Twittori - Geotags for Twitter status messages

Twittori.com is our current project that adds geo tagging to Twitter messages. It is very easy to use and intends to bring a more useable geo dimension into the Twitter World.

logo-twittori

I started a little service that adds geo location informations to single Twitter status messages.

Unlike other services this is done by a tiny URL that itself contains all geo location informations e.g. http://GE0.at/0MbEX8 which locates the Eiffel Tower in Paris. This is achieved by a modified 'geohash' algorithm (more on that at Wikipedia).

The second unique feature is that users can follow places in a similar way than they are used to follow users on Twitter. Therefore the earth is divided in discrete squares of about 0.25 square kilometers. You can keep updated by subscribing to a RSS Feed or visiting the web site.

An iPhone application is also ready but not yet approved by the Apple App Store. In the meanwhile you can watch a little demo on the web site under the 'iPhone' menu entry.

I hope this is an interesting project for the readers of Mashable. The URL of the project is http://www.twittori.com

Unlike other services this is done by a tiny URL that itself contains all geo location informations e.g. http://GE0.at/0MbEX8 which locates the Eiffel Tower in Paris. This is achieved by a modified 'geohash' algorithm (more on that at Wikipedia).

The second unique feature is that users can follow places in a similar way than they are used to follow users on Twitter. Therefore the earth is divided in discrete squares of about 0.25 square kilometers. You can keep updated by subscribing to a RSS Feed or visiting the web site.

The Website

The web site has been designed by Martin "Datendesigner" Jacobs. It aims to be clear and simple to use.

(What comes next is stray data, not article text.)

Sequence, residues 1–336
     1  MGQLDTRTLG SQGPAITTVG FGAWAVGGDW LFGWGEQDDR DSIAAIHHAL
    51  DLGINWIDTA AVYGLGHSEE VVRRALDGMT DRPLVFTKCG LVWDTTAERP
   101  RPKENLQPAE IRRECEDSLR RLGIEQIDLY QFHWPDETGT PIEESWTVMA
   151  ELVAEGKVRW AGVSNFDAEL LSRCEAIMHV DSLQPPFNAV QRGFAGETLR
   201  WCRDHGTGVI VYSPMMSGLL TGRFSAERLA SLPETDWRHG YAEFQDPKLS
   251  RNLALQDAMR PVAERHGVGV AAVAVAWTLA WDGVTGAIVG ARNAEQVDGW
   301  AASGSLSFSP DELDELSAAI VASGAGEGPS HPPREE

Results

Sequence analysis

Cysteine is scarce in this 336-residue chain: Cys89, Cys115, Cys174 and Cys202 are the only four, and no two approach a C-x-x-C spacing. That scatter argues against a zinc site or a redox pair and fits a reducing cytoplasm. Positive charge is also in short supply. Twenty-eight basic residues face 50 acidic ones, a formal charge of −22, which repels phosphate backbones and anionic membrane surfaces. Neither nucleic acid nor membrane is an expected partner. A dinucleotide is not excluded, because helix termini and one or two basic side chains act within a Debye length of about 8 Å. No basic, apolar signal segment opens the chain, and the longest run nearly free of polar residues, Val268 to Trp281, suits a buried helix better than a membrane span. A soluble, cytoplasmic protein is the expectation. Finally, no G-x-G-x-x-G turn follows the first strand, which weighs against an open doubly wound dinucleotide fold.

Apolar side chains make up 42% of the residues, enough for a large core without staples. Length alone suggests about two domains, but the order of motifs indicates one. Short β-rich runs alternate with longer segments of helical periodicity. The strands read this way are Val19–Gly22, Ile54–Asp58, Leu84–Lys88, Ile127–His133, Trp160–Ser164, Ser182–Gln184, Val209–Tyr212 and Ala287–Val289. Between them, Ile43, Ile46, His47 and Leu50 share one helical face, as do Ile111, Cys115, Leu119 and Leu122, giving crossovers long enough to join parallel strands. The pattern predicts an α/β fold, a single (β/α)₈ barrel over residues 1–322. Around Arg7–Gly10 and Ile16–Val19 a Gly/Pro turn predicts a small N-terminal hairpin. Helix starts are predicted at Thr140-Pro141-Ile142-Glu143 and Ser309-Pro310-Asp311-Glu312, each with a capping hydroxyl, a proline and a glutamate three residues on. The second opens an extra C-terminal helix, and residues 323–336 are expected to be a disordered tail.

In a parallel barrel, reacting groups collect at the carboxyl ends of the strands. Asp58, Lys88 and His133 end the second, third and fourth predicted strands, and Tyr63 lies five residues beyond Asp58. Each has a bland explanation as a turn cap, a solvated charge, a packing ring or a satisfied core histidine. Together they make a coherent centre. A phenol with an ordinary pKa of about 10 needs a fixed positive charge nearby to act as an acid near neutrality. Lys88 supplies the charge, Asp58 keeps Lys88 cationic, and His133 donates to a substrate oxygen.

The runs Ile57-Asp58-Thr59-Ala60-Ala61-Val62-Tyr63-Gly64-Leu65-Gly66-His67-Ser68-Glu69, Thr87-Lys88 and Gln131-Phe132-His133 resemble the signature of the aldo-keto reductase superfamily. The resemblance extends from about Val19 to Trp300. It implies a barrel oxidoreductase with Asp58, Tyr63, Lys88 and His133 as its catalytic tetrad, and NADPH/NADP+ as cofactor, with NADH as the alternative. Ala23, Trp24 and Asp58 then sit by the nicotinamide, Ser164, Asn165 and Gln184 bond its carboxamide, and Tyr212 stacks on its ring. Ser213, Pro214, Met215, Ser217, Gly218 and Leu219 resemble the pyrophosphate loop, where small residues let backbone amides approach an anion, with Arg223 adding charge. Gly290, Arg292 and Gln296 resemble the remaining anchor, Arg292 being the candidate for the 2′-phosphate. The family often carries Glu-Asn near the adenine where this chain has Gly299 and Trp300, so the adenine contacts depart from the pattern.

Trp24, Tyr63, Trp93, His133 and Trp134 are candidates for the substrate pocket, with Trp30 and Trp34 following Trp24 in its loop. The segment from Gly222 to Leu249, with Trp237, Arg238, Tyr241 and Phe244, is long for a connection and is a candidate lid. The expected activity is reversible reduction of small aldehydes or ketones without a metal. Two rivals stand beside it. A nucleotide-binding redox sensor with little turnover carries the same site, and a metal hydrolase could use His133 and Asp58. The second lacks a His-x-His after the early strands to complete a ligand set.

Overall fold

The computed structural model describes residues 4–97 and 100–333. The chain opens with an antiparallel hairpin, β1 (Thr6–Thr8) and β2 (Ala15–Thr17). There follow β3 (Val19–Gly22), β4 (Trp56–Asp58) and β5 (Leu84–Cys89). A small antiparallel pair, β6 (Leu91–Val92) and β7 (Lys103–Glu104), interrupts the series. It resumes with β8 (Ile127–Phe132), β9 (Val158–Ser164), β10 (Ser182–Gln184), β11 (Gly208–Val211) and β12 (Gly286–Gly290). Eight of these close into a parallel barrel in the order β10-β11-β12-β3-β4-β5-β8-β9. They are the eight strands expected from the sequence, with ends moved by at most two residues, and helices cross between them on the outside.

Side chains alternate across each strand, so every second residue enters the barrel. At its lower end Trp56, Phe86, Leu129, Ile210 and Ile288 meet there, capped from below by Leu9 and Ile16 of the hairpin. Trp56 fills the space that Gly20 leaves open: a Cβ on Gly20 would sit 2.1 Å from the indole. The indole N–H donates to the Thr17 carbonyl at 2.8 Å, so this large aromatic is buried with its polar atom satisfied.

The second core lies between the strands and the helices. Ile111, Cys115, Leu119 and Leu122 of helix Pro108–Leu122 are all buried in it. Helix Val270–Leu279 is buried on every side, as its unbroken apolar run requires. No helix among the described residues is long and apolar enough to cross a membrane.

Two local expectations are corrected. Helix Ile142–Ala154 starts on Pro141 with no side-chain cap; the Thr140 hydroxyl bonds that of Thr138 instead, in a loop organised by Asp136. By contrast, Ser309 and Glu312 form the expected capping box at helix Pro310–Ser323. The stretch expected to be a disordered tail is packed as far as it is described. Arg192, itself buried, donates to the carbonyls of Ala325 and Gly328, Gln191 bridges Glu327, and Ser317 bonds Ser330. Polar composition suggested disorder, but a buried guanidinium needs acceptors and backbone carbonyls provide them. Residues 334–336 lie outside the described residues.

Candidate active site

The iPhone App

The iPhone App is waiting to become approved for the App Store. It is very easy to use and provides a well defined user interface. A little demo on Twittori.com shows the details: http://www.twittori.com/content/iphone

Screenshot Twittori

The Technology

The Google App Engine is used for hosting. Therefore the server side code is written in Python. For the AJAX stuff we use Google Maps, Google Gears, jQuery, jQueryTools scrollable, jQuery mousewheel, prettyPhoto. The CSS is based on Blueprint CSS Framework.

The Shortlink

We use the short link to identify the location you refer to and to connect the tweet with the Twittori service. We do not use the domain http://www.twittori.com but the domain http://ge0.at just because it is shorter (minus 10 characters). The six characters that follow the domain name contain the whole geo location information. That means it is not done like tinyurl.com, bit.ly or is.gd do it by adding a new reference to their database. Instead you can calculate the corresponding latitude and longitude of the position from the six characters itself. The following section describes how this is done.

FROM A TECHNICAL VIEW

Basically we use the Geohash algorithm for calculating our location hash. We just expanded this technique to use 64 characters in place of 32 characters. Here you can see the implementation in Javascript to calculate the latitude and longitude from the hash:

var BITS = [32, 16, 8, 4, 2, 1];
var BASE = "ABCDEFGHIJKLMNOPQRSTUVWXYZabcdefghijklmnopqrstuvwxyz0123456789-_";

function refine_interval(interval, cd, mask){
    if (cd & mask)
        interval[0] = (interval[0] + interval[1]) / 2;
    else
        interval[1] = (interval[0] + interval[1]) / 2;
}

function decodeGeoHash(geohash){
    var is_even = 1;
    var lat = [];
    var lon = [];
    lat[0] = -90.0;
    lat[1] = 90.0;
    lon[0] = -180.0;
    lon[1] = 180.0;
    lat_err = 90.0;
    lon_err = 180.0;

    for (i = 0; i < geohash.length; i++) {
        c = geohash.charAt(i);
        cd = BASE.indexOf(c);
        for (j = 0; j < 6; j++) {
            mask = BITS[j];
            if (is_even) {
                lon_err /= 2;
                refine_interval(lon, cd, mask);
            }
            else {
                lat_err /= 2;
                refine_interval(lat, cd, mask);
            }
            is_even = !is_even;
        }
    }
    lat[2] = (lat[0] + lat[1]) / 2;
    lon[2] = (lon[0] + lon[1]) / 2;

    return {
        lat: lat[2],
        lon: lon[2]
    };
}

I wrote a little demo to show this in action. Follow this link: http://www.twittori.com/geohash.html#0BOdWE